"It was only my duty, Lady," said Teldra. "I must, in turn, thank you for your help, and your hospitality." The mention of hospitality was Tukko's cue to emerge with a tray bearing two mugs of klava, a jar of honey, and a pot of thick cream. Teldra received hers with a smile of thanks; she took her klava as it came. I fiddled with mine until it looked right. It tasted right, too. I had missed it even more than I thought I had.
"The simple pleasures of civilization," I said. "I haven't tasted klava since Northport." Sethra didn't bat an eye at the mention of Northport, even though - never mind. She said, "Perhaps we should turn our attention to business. Or would you rather wait until you've finished your drinks?"
"No, no," I said. "Drinking klava while talking business brings back all sorts of pleasant memories of happier days when I could sit around with like-minded fellows, contemplate my various affairs, and decide whose leg should be broken that morning."
Neither of them gave me the satisfaction of reacting, but Loiosh said,
"You're so sentimental, Boss, that I almost can't
and flew back to my shoulder, evening up the weight. Rocza, by the way, had not moved the entire time. Presently, Tukko returned, this time with a tray full of some kind of raw dead thing, and set it down on the stone table in front of me. Loiosh and Rocza flew down and began nibbling. Neither Sethra nor Teldra jumped when they flew down. This is significant because pretty much anyone will be startled by a winged thing suddenly flying right in front of him.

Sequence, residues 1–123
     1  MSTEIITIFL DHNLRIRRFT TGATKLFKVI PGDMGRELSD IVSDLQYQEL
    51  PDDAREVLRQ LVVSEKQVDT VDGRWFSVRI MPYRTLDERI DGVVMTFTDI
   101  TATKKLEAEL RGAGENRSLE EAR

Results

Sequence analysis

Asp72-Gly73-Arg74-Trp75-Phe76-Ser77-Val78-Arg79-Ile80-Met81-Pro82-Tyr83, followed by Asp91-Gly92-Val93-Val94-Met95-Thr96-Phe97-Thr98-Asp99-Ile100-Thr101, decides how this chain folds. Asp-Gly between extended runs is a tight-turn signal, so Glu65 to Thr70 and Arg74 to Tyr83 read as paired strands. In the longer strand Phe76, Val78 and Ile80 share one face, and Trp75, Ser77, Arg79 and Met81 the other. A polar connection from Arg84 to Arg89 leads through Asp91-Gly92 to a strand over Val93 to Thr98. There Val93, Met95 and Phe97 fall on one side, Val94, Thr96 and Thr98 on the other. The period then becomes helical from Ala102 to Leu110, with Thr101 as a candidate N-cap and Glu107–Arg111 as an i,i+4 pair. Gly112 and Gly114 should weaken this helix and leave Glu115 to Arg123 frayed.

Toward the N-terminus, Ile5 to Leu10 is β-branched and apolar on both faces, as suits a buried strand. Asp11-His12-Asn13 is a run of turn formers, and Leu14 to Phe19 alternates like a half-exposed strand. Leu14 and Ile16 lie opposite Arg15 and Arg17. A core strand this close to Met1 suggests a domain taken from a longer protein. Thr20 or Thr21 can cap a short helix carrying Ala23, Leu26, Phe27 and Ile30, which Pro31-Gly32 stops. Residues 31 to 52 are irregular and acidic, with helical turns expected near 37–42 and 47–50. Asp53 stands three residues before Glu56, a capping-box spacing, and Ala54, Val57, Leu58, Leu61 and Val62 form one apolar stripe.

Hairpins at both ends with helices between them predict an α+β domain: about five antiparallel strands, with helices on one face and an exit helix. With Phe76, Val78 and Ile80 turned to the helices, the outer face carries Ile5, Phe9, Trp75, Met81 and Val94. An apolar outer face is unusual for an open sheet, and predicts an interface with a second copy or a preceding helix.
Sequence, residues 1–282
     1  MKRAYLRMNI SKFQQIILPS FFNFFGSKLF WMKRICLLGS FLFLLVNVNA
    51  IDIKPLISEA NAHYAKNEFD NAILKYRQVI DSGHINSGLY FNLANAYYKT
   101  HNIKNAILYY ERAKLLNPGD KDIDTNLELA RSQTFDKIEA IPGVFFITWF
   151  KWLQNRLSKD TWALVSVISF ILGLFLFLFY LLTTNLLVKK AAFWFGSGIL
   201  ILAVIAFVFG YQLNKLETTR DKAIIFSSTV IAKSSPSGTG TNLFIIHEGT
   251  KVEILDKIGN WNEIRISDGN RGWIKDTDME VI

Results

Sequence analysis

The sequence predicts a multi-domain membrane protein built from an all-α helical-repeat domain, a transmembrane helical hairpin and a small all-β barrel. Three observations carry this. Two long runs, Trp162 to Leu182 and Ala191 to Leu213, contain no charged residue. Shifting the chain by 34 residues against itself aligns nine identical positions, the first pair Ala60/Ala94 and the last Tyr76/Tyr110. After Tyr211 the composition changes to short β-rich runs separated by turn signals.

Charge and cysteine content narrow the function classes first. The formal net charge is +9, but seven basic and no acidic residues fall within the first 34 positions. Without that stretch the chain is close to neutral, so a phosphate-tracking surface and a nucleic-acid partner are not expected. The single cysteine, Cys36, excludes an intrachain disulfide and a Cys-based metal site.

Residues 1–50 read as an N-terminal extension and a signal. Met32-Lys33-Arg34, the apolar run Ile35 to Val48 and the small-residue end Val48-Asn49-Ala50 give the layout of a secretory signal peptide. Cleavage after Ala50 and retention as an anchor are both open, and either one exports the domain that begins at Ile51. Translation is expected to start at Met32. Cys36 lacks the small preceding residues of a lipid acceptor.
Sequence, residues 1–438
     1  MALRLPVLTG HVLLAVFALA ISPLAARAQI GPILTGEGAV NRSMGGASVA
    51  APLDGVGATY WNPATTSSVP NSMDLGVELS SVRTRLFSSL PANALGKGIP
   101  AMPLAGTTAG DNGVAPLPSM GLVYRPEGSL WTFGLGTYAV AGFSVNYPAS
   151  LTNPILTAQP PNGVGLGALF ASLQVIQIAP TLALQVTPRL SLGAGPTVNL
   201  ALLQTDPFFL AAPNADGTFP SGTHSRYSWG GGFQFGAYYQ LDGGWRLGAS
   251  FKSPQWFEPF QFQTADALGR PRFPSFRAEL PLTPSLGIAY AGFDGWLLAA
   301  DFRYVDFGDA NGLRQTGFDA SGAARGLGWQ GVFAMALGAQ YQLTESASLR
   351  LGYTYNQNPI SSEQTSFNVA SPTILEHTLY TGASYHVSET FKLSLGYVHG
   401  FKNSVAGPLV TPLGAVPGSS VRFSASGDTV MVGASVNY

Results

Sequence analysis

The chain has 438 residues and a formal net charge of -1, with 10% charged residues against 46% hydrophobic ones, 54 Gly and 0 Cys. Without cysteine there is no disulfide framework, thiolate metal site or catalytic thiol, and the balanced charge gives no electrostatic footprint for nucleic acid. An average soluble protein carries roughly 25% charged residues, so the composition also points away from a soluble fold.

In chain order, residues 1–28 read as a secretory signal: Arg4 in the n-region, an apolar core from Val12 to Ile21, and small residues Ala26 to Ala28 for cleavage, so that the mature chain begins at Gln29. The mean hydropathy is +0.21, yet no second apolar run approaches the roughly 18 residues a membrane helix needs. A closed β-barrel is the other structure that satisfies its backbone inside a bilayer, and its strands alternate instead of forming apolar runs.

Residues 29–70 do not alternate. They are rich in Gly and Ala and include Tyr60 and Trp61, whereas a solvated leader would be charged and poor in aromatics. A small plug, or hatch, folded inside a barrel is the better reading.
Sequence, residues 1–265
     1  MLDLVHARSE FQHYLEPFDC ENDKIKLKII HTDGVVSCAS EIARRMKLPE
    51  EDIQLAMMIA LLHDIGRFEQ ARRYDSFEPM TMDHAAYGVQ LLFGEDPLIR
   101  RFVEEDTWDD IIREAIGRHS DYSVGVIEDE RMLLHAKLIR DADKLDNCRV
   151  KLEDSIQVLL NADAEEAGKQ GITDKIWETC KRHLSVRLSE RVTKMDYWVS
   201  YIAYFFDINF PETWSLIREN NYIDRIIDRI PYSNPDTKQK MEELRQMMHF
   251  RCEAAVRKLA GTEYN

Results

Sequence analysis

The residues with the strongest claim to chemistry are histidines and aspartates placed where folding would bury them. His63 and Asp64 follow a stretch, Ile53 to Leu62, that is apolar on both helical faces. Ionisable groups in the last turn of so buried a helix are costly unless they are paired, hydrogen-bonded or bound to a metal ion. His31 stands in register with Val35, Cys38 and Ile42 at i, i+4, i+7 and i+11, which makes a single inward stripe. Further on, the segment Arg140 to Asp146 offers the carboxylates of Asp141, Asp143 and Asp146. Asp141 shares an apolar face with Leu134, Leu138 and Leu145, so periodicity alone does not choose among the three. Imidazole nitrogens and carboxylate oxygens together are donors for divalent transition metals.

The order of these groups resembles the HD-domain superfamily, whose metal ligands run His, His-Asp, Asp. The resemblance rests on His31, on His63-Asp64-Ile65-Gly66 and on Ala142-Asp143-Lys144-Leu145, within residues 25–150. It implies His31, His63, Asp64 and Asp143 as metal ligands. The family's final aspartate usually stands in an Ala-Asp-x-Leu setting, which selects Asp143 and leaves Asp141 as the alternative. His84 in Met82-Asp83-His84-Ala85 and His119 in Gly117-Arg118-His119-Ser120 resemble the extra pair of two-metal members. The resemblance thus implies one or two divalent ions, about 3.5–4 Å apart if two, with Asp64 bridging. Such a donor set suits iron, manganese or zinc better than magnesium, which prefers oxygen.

I noticed for the first time that Tukko's hands always seemed to shake, but when he was carrying a tray, the tray never shook. I wondered if his various ills were an act, and, if so, why?
"I thank you on behalf of my familiar," I said.
"You and they are most welcome," said Sethra.
I sipped more klava. Damn, but I had missed that stuff.
"Morrolan and Aliera are both alive," said Sethra abruptly. "Or, at least, they were alive yesterday. They have, therefore, achieved a state where we cannot communicate with them. That means they are either surrounded by gold Phoenix Stone, or they have left the confines of our world. And, until we know otherwise, we must assume they are being held against their will, and that must involve someone with a great deal of power - perhaps even a god, though I consider that unlikely. No, I fear what we are facing is rather more powerful than a god."